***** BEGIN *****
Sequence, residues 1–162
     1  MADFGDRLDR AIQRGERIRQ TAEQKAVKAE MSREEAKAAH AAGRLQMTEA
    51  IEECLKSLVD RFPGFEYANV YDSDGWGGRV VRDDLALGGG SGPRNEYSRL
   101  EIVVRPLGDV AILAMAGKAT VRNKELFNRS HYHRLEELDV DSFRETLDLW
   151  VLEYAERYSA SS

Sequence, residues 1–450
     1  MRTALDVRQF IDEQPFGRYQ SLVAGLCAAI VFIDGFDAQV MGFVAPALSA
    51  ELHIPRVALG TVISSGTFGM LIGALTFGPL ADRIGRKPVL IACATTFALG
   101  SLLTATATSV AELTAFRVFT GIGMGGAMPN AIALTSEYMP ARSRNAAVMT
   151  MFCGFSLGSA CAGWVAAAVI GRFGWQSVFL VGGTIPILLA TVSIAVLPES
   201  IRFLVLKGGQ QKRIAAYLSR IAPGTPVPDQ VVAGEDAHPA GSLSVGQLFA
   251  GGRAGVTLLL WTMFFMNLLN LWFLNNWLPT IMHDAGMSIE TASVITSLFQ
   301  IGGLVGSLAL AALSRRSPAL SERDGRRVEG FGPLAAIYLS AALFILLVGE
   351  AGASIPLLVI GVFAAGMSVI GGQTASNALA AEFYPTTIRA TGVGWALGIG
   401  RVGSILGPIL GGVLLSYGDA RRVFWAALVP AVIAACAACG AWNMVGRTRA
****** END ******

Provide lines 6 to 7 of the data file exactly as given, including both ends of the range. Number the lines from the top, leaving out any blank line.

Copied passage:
Sequence, residues 1–450
     1  MRTALDVRQF IDEQPFGRYQ SLVAGLCAAI VFIDGFDAQV MGFVAPALSA